The campaign's timing is crucial, he said, because the government is expected to raise the cost of applying for citizenship, and to introduce a new civics test that may be more difficult, later this year.

Despite commanding 80% of all Spanish-language TV viewers in the U.S., Univision doesn't normally attract political-advertising dollars commensurate to the size of its audience because it is perceived by advertisers as having the eyeballs of undocumented immigrants or non-English speakers alienated from the U.S. political process.

But positive results from the "Ya Es Hora" campaign, which is slated to last all year, could help the network attract unprecedented political-campaign money. "One of the side benefits of this initiative is the hope that more citizens watching the network could translate into more political-ad dollars," said a person who discussed the campaign with a senior Univision executive.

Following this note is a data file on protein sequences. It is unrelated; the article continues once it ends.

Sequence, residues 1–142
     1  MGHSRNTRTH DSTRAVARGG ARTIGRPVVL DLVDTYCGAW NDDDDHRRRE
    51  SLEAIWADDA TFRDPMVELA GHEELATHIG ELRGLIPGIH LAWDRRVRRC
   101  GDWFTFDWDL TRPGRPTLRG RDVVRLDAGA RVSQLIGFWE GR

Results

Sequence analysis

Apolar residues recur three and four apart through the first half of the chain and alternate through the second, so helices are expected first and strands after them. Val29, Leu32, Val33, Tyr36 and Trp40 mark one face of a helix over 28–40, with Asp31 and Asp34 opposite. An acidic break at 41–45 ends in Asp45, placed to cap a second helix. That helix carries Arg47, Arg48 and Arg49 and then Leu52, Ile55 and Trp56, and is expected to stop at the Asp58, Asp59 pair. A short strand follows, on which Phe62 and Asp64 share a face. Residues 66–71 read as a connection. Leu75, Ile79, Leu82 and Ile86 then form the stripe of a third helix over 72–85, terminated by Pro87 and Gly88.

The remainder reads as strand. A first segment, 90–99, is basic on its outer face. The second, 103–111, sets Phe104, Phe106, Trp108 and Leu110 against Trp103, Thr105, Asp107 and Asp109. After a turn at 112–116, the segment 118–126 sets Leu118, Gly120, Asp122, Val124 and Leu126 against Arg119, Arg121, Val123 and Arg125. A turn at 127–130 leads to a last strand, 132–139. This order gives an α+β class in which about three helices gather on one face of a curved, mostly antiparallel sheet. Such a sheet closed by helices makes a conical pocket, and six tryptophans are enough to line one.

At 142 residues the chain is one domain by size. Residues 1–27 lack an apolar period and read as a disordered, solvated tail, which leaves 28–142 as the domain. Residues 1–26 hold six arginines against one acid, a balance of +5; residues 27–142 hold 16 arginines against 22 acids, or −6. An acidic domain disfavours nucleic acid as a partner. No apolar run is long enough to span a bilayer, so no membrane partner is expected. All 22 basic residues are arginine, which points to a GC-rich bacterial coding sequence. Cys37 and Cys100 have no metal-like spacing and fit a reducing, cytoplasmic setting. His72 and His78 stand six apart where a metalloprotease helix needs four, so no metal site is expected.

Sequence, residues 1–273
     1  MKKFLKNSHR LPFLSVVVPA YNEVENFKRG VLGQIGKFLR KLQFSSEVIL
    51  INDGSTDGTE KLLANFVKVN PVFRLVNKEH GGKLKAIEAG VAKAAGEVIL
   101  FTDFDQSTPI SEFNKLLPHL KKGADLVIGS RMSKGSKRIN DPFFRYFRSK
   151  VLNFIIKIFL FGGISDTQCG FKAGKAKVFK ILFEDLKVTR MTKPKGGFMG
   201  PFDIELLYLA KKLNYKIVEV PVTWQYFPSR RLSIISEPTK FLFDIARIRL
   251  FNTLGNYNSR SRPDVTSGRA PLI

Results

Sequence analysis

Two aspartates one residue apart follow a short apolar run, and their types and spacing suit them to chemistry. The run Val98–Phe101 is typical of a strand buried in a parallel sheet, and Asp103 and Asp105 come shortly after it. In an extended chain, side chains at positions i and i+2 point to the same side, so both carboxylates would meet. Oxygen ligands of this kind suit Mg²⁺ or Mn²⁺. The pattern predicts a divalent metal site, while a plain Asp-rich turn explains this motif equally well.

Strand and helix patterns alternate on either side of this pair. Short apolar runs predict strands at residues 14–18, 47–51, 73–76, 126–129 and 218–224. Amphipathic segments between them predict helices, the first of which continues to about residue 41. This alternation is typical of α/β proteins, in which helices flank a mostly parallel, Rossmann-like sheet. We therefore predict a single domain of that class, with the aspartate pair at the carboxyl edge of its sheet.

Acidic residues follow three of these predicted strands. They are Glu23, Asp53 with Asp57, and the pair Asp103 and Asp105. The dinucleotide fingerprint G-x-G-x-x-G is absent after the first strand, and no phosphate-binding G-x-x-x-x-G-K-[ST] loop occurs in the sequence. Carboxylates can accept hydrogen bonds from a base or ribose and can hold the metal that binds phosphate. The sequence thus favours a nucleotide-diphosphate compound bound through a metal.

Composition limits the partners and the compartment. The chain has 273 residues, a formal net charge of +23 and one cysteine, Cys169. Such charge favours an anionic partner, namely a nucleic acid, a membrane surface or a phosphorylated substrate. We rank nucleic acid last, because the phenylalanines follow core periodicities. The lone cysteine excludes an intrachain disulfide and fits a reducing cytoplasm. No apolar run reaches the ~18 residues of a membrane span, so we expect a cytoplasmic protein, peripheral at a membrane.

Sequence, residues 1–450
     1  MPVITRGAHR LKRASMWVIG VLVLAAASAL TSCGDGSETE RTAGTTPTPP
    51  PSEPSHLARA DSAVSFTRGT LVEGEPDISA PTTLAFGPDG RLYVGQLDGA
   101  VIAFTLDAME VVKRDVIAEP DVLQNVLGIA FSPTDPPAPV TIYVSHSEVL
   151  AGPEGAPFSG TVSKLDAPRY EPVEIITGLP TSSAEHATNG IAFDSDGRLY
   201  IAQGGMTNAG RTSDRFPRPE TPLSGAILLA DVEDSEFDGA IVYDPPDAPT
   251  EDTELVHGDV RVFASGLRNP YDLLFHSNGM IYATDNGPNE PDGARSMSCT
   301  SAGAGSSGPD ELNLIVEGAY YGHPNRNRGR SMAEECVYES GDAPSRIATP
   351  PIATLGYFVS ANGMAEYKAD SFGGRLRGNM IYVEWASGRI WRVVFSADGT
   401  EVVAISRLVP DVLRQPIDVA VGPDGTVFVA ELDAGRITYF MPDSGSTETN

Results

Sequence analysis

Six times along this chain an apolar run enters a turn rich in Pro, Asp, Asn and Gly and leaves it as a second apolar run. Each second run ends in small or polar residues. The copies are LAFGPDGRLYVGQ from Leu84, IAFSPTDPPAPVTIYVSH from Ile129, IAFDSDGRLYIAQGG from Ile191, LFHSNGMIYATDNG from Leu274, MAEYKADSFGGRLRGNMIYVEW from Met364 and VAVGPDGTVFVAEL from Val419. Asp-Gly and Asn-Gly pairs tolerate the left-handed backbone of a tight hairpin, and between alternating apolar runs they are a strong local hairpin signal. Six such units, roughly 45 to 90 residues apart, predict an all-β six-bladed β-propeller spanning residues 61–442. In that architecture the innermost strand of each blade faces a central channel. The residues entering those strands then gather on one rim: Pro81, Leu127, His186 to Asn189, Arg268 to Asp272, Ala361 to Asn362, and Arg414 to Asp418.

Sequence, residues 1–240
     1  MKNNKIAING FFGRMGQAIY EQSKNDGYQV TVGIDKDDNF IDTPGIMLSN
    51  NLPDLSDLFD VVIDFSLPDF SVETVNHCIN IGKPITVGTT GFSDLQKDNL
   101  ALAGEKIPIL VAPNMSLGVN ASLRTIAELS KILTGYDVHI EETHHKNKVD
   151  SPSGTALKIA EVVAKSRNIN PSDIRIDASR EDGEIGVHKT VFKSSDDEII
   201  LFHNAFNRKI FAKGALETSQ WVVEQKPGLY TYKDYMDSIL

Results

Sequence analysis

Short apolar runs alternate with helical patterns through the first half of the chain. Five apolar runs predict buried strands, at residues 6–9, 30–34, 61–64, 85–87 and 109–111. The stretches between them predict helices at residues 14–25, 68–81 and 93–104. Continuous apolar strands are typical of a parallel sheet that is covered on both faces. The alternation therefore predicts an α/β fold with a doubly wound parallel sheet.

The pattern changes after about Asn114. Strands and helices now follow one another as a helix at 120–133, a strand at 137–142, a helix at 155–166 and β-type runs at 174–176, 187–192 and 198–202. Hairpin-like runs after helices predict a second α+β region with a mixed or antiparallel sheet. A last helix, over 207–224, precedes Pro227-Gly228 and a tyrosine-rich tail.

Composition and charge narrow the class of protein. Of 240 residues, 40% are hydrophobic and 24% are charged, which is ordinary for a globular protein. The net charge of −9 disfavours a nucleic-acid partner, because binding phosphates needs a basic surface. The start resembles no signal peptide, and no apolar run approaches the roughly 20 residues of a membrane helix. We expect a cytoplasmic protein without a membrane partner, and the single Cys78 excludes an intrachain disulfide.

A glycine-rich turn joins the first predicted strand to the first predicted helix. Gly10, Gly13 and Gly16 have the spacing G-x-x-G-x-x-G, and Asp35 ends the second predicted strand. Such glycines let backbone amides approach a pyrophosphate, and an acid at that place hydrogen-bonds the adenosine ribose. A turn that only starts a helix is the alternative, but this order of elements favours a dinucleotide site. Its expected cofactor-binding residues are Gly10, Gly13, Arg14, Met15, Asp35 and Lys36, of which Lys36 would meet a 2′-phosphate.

Rodriguez doesn't deny his network could pocket more campaign dollars down the road, but insisted this isn't what motivated the campaign.

Univision, which has more viewers than do English-language networks in many U.S. markets, is still under the radar in some corners.

But it wields enormous sway with its audience. Polls have found it commands as much trust as the Roman Catholic Church among Hispanics in the U.S.

Reprinted with permission of the Hartford Courant. To view other stories on this topic, search the Hartford Courant Archives at http://www.courant.com/archives.
| Last update: September 25, 2012 |